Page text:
Raimond van der Gouw.

UTD Unscripted: My flight of fancy

Nearly 24 years ago I got on a plane in Holland, heading for England, to talk to a club about signing for them.

The only thing was, I didn’t know which club it was.

It was a very strange experience, I have to say. Sat on that plane, having no clue at all what the future held for me, I couldn’t help but think back through my past, and how things had led me to that point.

A lot of it was by chance, really. When I was young, I started out with a small amateur club in the neighbourhood where I was living. Like a lot of youth football, it was pretty chaotic, lots of running and not a lot of actual football. Then one day we were going to a tournament and our goalkeeper was ill or injured, so my dad said to the coach:
“You can play Raimond in there.”
 

That came as a surprise to me, but I did have a little bit of previous experience. You see, when I was very young, my parents used to take us camping in the woods, and there was a little field nearby where you could play football and I always ended up in goal. So, in a way, I had goalkeeping experience, even if I had learned it on a campsite.
Raimond van der Gouw says

“I thought: If I am good enough, a club will come for me.”

At that tournament, I did so well that my club wanted to keep me in goal from that point.

So I had my new position and I kept playing well enough for my team that FC Twente, the biggest club in our area, noticed me and invited me along to train with their best young players. By the time I was 16, I was also playing in the senior team of another amateur club in the area, and at 18 I got the chance to go into FC Twente’s reserve team. 

But I had to make a decision: play for FC Twente or focus on my studies, because I was studying at university in the north of Holland at the time. The combination was too difficult, because if I didn’t pass my first year then I would have to leave. I made the choice to go to university and focus on the school. 

I thought: If I am good enough, a club will come for me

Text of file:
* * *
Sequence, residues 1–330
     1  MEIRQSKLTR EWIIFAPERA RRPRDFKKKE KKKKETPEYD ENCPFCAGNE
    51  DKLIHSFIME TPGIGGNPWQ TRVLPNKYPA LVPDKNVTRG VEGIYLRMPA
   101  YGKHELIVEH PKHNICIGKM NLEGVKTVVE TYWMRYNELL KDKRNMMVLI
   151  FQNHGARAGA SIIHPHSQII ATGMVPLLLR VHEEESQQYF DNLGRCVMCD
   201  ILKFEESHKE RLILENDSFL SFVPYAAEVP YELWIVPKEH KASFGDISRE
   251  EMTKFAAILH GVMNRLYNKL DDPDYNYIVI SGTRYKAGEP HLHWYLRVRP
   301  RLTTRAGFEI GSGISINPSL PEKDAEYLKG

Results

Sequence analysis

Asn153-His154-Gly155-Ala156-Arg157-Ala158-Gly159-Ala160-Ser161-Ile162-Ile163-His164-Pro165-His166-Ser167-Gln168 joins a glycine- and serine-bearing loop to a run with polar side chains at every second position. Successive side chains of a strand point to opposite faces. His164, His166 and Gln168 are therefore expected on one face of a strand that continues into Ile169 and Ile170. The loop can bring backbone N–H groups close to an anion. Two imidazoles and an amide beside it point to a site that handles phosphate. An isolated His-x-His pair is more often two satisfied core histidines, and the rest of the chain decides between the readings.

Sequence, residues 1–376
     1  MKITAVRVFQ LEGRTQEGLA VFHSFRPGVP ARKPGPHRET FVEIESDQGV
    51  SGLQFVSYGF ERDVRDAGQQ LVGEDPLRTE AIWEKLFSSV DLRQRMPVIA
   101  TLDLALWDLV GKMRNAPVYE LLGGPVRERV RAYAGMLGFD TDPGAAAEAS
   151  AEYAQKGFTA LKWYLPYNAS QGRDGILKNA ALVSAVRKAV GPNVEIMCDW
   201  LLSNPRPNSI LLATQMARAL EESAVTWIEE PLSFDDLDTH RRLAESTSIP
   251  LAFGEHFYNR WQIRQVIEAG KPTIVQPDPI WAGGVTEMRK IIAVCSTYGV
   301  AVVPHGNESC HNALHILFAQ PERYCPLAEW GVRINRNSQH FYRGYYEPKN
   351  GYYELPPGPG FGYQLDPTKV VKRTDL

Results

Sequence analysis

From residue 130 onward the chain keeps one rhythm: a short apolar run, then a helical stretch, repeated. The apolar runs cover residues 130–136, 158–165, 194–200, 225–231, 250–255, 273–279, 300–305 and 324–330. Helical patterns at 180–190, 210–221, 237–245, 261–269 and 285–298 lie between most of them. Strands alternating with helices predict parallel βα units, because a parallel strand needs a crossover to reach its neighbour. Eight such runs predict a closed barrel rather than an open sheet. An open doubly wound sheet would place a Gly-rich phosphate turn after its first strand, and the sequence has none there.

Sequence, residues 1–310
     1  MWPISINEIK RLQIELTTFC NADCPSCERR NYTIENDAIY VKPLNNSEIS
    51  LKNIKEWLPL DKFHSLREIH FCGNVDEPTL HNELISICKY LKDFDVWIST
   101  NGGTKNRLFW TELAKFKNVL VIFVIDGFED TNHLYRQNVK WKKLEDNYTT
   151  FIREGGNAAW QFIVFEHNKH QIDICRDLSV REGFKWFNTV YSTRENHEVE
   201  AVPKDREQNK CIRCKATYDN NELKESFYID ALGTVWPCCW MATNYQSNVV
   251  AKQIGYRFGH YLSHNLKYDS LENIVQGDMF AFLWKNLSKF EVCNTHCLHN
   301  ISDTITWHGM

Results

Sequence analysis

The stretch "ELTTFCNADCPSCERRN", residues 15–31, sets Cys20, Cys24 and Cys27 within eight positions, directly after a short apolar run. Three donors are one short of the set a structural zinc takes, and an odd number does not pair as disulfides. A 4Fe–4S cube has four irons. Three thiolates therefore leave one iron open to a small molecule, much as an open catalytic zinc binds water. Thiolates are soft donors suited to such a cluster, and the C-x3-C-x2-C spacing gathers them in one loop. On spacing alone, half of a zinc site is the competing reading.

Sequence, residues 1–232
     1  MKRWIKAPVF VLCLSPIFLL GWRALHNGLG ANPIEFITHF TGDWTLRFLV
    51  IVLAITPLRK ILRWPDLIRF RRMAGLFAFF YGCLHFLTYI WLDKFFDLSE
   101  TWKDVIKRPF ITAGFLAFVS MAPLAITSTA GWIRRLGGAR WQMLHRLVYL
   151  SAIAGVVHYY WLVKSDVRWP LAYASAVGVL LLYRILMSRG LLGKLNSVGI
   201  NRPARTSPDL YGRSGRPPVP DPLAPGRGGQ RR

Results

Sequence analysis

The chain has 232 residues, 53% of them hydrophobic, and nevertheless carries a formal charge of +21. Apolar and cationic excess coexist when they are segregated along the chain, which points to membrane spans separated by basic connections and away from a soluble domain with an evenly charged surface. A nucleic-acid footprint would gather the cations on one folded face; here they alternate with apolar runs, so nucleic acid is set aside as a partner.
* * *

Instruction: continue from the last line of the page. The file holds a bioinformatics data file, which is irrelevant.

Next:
That’s exactly what happened because a club called Go Ahead Eagles from Deventer invited me there when I was 20. When I had finished at university I became a full professional player with them. I played two seasons in the reserve team and three in the first team, and I was twice the club’s Player of the Year.

After five years at Go Ahead Eagles, I had eight years at Vitesse Arnhem, and throughout it all I’d always hoped that one day I would end up going to England. I dreamed of it. But, in the summer of 1996, I was a couple of years into a five-year contract at Vitesse Arnhem, so I thought my chance was probably gone.

But of course, in life, you never know.
Raimond van der Gouw says

“Suddenly I was in Alex Ferguson’s car, on the way to probably sign for the biggest club in England.”

My manager called me and said:
“Raimond, I know you always wanted to go to England, and maybe now I have the club for you. I can’t tell you the name, but if you’re interested then you have to tell me, or I have to go to somebody else.”


Okay, so now I’m interested. I thought about my contract at Vitesse, but I decided: Yeah, I want to give it a go.

I sometimes think to myself about what my life might have been like if I hadn’t got on the plane and taken a chance. You see, life is funny. You don’t know what’s going to happen.

You don’t know that when you’re in the air, your agent is going to tell you that you’re about to go to talk to Manchester United, the Premier League champions.

You don’t know that in an hour or so, you’re going to arrive in Manchester and get picked up by Alex Ferguson.

In the space of a couple of hours, I’d got on a plane with no idea where I was going to land, and suddenly I was in Alex Ferguson’s car, on the way to probably sign for the biggest club in England.

It was insane. I felt strange, like a dream. Everything was moving so fast. My wife, Marita, was pregnant, just to make things a little more surreal!
Raimond van der Gouw says

“I already knew that United was a huge club, but quickly I became aware of just how big. The spotlight is always on you and everybody always wants to know what’s happening.”

This was during the summer and nobody was around at the club – everybody was on holiday – so Ferguson took us to the stadium, walked us inside and, of course, Old Trafford is very impressive even when it’s empty. Again, it’s very strange to be getting a private tour of the stadium from somebody like Sir Alex. During this walk around, we had a talk.

Actually, we’d already had a talk about a few things in the car. One of them was my ponytail.

“Your hair is a bit long.”


I told him it wasn’t a problem. No more ponytail!

After our conversation in the stadium, my agent told me what United’s offer was, and I accepted. 

(Of course I said okay!)

The only demand I had to make was that the deal was for three years; the same term as my remaining contract in Arnhem. That’s what I got and the only thing I had to do after that was the medical test but, of course, there was nobody there to do it, so Ferguson called a doctor, I took the test and, by the time we flew back to Holland later that day, I had signed a contract with United.

Before I’d even told anybody I knew, it was on the news. The agent had called a television channel in Holland, so when I stepped out of the plane, the camera was already rolling.